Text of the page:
Home > Video Posts > Culture > Architecture > The Luxury Makers: Ashiesh Shah on the form and function of luxury in design
Atelier Ashiesh Shah, hidden in the by-lanes of Tardeo in Mumbai, is the eponymous, pristine white space dedicated to the creative pursuits of its founder. It’s a fairly new idea, Ashiesh Shah tells us, but it is here that he is giving form to so many designs that have been swirling around his head for some time now. A beautiful Jaipur Blue Pottery inspired totem pole punctuates the white of the studio, as does a black tribal art installation; there are numerous smaller products peppered throughout. Shah’s architecture offices are just a walk away, and he has been using this space more and more to give expression to his product design oeuvre.
That this is the next addition to his repertoire, fits. Shah has been designing products for his clients for years now, and his collaborations with brands like Jaquar, Jaipur Rugs, and Chivas Regal, proved to him that product design was the next step. His architecture practice is firmly established, and that made the decision much easier — the Parsons School of Design graduate has created numerous office spaces, penthouses, concept stores, restaurants, and homes for celebrities like Hrithik Roshan, Ranbir Kapoor, Arjun Rampal, and Jacqueline Fernandez to name a few. He has also hosted Design HQ, a design-centric television show, which highlighted how to incorporate good design into everyday life. He also been invited by the NITI ( National Institution for Transforming India ) Aayog to be a spokesperson of soft power on the special advisory board to the prime minister of India towards the vision of Incredible India 2.0.
Ashiesh Shah in his studio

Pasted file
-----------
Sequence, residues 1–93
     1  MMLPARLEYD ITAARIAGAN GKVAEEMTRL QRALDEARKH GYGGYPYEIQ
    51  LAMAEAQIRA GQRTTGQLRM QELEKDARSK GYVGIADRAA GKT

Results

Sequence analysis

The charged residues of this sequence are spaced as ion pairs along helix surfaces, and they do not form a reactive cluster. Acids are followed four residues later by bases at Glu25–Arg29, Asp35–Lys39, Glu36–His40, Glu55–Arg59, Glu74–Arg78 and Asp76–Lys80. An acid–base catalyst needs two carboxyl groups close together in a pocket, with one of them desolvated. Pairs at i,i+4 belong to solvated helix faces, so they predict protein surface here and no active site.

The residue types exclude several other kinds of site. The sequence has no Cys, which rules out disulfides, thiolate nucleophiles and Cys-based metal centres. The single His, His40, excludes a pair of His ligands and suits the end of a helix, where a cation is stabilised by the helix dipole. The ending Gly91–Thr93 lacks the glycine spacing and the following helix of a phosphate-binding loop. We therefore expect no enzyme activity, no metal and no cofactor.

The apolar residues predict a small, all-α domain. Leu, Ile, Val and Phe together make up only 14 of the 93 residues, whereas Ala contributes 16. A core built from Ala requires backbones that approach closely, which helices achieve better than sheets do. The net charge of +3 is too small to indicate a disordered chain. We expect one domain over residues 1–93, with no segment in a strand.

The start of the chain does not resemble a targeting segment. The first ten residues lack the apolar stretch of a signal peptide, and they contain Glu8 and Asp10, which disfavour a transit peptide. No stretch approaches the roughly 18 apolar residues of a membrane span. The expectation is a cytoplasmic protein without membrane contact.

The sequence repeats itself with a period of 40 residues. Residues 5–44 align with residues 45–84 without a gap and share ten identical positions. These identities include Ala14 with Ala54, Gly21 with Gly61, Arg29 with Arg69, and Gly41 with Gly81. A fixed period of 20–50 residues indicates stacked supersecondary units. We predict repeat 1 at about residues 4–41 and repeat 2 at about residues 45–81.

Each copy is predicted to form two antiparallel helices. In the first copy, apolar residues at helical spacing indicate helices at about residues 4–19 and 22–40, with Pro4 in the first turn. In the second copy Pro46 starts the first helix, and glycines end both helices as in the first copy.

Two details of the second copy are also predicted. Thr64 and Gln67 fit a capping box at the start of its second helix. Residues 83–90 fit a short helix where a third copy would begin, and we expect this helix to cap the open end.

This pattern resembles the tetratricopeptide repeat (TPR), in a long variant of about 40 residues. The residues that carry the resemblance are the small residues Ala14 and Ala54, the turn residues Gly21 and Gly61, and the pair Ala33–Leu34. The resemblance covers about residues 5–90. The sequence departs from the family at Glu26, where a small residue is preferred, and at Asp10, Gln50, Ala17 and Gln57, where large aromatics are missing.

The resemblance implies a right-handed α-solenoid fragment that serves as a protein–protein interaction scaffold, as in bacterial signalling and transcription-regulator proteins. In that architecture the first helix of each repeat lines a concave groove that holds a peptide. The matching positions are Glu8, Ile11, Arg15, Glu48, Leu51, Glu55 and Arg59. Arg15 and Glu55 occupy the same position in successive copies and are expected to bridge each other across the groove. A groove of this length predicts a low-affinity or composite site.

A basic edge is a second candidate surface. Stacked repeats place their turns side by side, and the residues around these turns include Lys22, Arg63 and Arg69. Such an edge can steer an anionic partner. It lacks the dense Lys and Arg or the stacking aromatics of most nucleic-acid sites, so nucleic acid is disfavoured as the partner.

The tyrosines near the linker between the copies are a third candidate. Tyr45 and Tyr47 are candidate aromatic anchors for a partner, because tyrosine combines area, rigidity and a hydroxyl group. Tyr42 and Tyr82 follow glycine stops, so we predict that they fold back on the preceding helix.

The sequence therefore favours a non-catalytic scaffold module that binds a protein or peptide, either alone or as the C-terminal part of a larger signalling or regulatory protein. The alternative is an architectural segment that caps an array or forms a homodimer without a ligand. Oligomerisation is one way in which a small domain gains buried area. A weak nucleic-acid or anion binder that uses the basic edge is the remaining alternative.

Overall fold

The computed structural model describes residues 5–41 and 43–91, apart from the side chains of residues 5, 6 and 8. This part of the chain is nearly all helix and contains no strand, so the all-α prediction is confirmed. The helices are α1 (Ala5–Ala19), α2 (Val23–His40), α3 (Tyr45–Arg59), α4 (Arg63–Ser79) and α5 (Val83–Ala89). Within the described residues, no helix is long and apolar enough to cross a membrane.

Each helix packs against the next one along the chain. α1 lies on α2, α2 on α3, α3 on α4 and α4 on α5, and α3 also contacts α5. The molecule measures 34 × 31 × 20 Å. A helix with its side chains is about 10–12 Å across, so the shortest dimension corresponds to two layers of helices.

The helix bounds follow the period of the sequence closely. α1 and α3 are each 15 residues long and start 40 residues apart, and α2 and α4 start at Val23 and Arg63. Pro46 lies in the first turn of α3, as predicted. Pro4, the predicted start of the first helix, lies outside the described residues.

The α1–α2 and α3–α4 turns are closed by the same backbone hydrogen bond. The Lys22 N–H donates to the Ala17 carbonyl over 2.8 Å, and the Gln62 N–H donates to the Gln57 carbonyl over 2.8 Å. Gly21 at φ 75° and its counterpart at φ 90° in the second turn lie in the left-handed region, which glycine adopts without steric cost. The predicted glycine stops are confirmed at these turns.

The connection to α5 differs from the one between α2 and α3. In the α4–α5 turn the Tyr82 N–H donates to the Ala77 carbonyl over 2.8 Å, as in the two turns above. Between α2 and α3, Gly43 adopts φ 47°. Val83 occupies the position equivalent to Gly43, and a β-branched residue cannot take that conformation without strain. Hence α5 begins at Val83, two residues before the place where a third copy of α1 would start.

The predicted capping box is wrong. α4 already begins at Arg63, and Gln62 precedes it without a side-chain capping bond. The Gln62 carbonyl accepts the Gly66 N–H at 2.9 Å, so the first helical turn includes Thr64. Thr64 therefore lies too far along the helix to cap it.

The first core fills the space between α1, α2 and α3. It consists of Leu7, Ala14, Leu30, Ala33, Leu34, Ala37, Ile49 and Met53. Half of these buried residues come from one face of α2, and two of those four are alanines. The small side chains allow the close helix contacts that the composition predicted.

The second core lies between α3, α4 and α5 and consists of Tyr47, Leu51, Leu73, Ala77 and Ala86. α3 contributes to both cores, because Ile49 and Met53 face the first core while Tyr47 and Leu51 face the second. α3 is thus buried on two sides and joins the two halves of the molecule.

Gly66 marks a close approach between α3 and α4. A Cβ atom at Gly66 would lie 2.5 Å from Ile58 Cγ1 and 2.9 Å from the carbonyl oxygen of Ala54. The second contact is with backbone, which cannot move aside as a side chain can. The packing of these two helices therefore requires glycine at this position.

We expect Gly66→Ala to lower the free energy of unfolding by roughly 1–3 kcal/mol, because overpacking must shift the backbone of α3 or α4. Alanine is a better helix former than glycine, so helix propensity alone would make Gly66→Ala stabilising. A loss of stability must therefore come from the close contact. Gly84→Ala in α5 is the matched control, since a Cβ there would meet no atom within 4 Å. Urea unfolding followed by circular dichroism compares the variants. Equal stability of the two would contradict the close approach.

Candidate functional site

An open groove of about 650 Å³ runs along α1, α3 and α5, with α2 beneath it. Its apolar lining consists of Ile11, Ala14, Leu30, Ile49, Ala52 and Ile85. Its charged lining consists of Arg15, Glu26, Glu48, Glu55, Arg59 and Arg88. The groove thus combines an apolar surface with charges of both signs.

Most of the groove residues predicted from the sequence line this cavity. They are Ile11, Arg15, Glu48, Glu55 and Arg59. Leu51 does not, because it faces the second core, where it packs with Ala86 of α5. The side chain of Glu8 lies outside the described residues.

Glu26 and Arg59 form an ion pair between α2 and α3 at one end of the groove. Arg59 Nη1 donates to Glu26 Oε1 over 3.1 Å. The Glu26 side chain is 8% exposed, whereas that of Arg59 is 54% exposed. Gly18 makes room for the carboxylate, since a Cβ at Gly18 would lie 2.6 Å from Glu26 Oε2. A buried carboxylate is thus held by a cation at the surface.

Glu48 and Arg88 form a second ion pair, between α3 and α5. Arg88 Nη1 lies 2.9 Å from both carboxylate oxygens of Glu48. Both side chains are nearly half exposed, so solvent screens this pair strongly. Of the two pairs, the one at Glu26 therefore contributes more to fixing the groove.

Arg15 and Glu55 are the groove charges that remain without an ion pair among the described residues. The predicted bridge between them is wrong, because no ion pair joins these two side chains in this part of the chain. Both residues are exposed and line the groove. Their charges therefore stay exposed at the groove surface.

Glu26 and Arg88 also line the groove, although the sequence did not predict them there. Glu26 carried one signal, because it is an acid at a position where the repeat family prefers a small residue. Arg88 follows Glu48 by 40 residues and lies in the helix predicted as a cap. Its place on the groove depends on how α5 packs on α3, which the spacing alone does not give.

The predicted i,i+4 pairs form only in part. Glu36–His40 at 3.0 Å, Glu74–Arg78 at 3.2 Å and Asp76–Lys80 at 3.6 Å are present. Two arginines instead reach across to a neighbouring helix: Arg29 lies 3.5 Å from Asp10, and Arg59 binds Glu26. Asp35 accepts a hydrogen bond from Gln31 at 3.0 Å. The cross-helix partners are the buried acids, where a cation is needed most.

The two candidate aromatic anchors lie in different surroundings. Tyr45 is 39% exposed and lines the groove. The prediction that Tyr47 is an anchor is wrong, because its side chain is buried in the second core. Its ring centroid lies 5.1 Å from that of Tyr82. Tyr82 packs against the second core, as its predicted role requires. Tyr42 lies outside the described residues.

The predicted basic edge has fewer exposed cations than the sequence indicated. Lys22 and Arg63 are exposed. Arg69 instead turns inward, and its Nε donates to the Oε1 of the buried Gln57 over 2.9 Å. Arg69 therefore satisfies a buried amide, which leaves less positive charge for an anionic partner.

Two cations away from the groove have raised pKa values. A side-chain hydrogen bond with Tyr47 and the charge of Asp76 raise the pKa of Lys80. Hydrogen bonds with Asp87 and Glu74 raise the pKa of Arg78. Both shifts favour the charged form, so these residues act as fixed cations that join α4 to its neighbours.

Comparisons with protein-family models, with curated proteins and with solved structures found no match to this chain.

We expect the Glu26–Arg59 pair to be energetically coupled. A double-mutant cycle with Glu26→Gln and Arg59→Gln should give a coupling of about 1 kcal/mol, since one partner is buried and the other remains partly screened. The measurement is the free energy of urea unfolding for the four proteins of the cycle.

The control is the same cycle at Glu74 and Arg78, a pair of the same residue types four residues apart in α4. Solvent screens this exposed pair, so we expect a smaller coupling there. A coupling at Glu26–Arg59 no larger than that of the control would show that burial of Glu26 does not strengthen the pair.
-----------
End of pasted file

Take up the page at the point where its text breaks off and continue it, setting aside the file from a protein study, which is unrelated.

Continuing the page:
Shah in his studio

Shah’s practice is firmly rooted in the Japanese philosophy of Wabi-Sabi, and he describes his aesthetic as beauty that is imperfect, impermanent, and incomplete. He spoke to Lifestyle Asia about luxury in design and its many interpretations.

Luxury in design — how has this idea evolved today, and has its definition changed?

I think there can’t be a common def of luxury. Luxury is defined by the self, so what I think is luxury is very different from what you think is luxury. I define luxury with certain parametres like time, philosophy, material, but that could be completely personal. When I buy a piece of clothing, I look at the brand philosophy, understand the quality of raw material, the ethical practices, and then try to see the craft that goes behind the art. Similarly when it comes to our industry, design and luxury is defined to me by the way the product is made, the way it has been curated in the mind of the designer, the way the philosophy of the entire practice
The Lingam Lamp
The Lingam Lamp. Image: Courtesy Ashiesh Shah

You have often said that it is aesthetics over labels for you. How difficult is that to pure in India, where labels matter?

Aesthetics definitely hold a vital stand whilst designing an interior space. It’s crucial for a space to be cohesive. Whilst it’s difficult to convince a client to choose cohesiveness over a label, it’s more important to make them understand that a piece that makes a statement holds no ground between the walls that can’t support it.

How do you reconcile a customer’s vision for their space, with yours?

I do push barriers with their design thought. It’s essential to marry the vision of the architect and the customer, with design it’s all about being open to ideas and willing to take risks.

You don’t follow a signature style when it comes to design. Can you elaborate on your creative process?

I think every project brings about a learning – trends are short lived and styles are monotonous. My design aesthetic has and continues to evolve with time. I gravitate towards research, travel and pure observation through my creative process – it knows no bounds.
Many Moon by Ashiesh Shah
Many Moon by Ashiesh Shah. Image: Courtesy Ashiesh Shah

Wabi Sabi has influenced your work. Why do you gravitate towards it?